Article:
I posted a comment at Smithsonian Magazine’s article on The World’s Oldest Living Things, and at Project Syndicate’s article asking the question “Should We Live to 1000?” re-stating a principle that has developed slowly in my mind for about thirty years—and I come from a family of geniuses. The principle is that immortality consists of four distinct categories or principles, which are generally realized alone and individually, without strong support from the others.
The first principle is the wisdom of age before youth. According to this view, it is possible to conserve youth into a gradual endowment that pays off gradually, later in life. Perhaps life only requires a number of governing principles, which grant opportunities. The second principle is noble athleticism. Someone endowed with a very great form of health could nobly live longer than anyone, by virtue of a privileged advantage. this seems expensive, and as some people have learned about athletes, in real life there may be some proneness to degeneration, as the pumped-up metabolism hits a wall. The third principle is what I call “vampirism”—the reliance on medical science or parasitically preying on other organisms. This has seemed serious only in the context of advanced medical science (that is, unless vampires are real). The fourth principle is sheer adaptation. Perhaps something like reaction time, metabolism, or business savvy could pay off with very special circumstances.
In the case of the world’s oldest plants, each seemed to have some of these characteristics, either by strong competition with other organisms, or strong vitality, or some highly specific means-to-an-end, or adaptation to the environment. In the case of the world’s longest-lived people, what is often cited is a genetic disposition combined with a steady diet, enough sleep, and avoiding the worst habits. Largely these are factors that meld with the four characteristics: this may include compatibility with medicine, not gaining weight from being over-athletic, responding intelligently to the environment on a daily basis, and having good mental habits.
Reaching this point in history it doesn’t seem very exciting to be so moderate as to require someone to be genetically adapted, or make healthy choices. However, the tradition dates back centuries to primary examples that once seemed very extreme, examples of paradigmatic virtue.
There is a report of a monk in China who once sealed himself in a cave for ten years, eating nothing but a special kind of moss. When the cave was opened ten years after the beginning of his project, he was still alive. He even smiled, and greeted people. Sagacious people have long been seen as prime examples of the sort of pious and humble characters who would pursue the path of immortal life. The character Lao Tzu described a path that was dark, a “Gateway to all understanding” (Mitchell translation). Likewise, the opposing Chinese view of Confucius advocates that virtue for the family and government will benefit the individual with fortune and long life. Perhaps these characters are the best evidence that immortality could be found by eating some special kind of moss.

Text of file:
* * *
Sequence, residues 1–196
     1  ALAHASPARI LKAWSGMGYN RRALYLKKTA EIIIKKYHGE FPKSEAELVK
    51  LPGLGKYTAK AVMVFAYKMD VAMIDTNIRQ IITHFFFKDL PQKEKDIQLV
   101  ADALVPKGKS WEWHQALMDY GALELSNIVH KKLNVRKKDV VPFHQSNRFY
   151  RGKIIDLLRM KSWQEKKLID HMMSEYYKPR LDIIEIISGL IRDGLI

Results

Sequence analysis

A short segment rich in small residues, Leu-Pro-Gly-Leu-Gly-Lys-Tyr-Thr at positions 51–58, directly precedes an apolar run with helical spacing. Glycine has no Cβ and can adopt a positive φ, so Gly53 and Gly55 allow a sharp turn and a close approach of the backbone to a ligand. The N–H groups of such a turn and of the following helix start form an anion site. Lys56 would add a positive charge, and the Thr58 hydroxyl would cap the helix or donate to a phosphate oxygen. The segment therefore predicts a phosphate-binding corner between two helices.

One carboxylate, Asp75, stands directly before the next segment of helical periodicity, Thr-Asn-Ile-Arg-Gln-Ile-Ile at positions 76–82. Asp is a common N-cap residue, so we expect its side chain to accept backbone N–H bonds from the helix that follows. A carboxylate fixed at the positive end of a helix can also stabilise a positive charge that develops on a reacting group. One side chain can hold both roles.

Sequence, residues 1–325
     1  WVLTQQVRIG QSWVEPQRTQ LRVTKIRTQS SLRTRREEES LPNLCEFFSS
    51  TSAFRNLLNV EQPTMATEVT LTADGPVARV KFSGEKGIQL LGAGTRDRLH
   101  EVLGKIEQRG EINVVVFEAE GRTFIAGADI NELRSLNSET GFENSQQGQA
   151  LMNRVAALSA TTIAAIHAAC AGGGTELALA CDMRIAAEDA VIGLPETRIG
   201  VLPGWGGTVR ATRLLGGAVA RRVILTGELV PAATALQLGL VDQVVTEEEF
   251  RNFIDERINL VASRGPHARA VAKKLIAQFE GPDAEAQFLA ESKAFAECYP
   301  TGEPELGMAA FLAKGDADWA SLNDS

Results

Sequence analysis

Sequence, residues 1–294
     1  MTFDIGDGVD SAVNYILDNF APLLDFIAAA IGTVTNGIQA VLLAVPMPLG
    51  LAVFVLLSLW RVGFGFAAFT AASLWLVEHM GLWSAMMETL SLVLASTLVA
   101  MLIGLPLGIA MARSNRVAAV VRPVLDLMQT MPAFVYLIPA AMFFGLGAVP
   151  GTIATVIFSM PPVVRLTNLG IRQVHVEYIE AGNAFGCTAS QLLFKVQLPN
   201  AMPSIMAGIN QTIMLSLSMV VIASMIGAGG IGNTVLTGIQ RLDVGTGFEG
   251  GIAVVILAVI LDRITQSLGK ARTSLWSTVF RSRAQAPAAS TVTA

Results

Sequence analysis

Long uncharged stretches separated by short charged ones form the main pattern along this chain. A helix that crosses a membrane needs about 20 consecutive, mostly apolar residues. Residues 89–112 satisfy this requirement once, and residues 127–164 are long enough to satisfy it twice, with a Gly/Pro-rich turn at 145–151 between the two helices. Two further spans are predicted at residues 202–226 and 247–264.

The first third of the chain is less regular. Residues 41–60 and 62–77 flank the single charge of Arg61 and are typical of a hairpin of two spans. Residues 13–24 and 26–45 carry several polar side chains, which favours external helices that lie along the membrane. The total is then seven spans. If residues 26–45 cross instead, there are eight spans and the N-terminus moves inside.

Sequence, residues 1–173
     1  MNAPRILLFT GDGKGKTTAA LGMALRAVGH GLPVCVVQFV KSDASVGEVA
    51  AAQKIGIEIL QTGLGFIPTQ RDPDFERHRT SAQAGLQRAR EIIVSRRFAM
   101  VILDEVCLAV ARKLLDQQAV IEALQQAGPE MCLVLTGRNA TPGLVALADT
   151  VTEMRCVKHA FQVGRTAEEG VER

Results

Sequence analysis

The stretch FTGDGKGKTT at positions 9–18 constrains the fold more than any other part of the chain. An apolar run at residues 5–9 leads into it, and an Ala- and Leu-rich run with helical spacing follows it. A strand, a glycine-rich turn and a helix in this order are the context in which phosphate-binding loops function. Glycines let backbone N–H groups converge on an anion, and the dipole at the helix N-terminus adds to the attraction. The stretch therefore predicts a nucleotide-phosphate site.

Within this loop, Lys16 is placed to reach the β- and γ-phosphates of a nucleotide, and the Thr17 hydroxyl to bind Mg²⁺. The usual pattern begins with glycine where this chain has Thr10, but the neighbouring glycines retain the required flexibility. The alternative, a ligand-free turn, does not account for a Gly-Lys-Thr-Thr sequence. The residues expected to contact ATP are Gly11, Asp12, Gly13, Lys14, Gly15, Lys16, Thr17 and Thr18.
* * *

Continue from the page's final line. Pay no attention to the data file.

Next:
One Chinese man is now called the God of Immortality, because he is supposed to have lived for over 350 years. While this is an exception, not everyone believes the Biblical account that life is capped at 150.
Recent news reports that a substance called Telomerase, when used in certain types of gene therapy, extends the life-spans of rats by 25% in one dose. While the same evidence has not yet been found in humans, this is the first evidence of a form of medicine that improves lifespan in any organism by an amount that may be more pronounced than the passage of time.
Perhaps combining contemporary medicine with more traditional principles of advantage, such as my four categories, would lead to greater longevity. While not all athletes live to old age, research has shown that exercise improves the strength of bones and muscles. Wisdom is often said to connote long life, such as prudence, moderation, and the pursuit of happiness. Recent movies have promoted a character of exhilaration that suggests sheer adaptation as a kind of option for future urbanites. Perhaps a dose of immortality is only possible for those that respond intelligently to information. Combining multiple of these factors may also improve the advantage for long life. Moderate life-long athleticism for example, is widely reported amongst adults who are functional in their 80’s. And there is evidence that those that don’t develop Alzheimer’s have been motivated to make prudent decisions to curtail stress factors during the productive years of life.
Furthermore, there may be a principle of ascertained risk which is put into medical research, which is more accountable in the principles of the mind than it is in the outward character of athletes, interactions, or even knowledge. This new character of risk encountered in medicine points towards a conservation of momentum, a return to Aristotle’s principle of moderation, and an affirmation of any quantifiable categories of functional longevity.
Therefore, where stress encounters risk, it no longer seems advisable to stress the limit. Where products have allure, the new test is for conservation of prior examples. For in the past, everyone is more wise, but everyone is less fortunate. Medicine should be grounded not only in the vampire-urge to use chemicals, but also in other categories of functional longevity: the wise one, who works with a will. The chimeric one, who knows his environment. And the strong one, who has the mandate of heaven.
Personally, I return to my own principled advantage, to live so moderately that age comes before youth. With that principle in mind, athletes, doctors, and dopplegangers may cower with fright.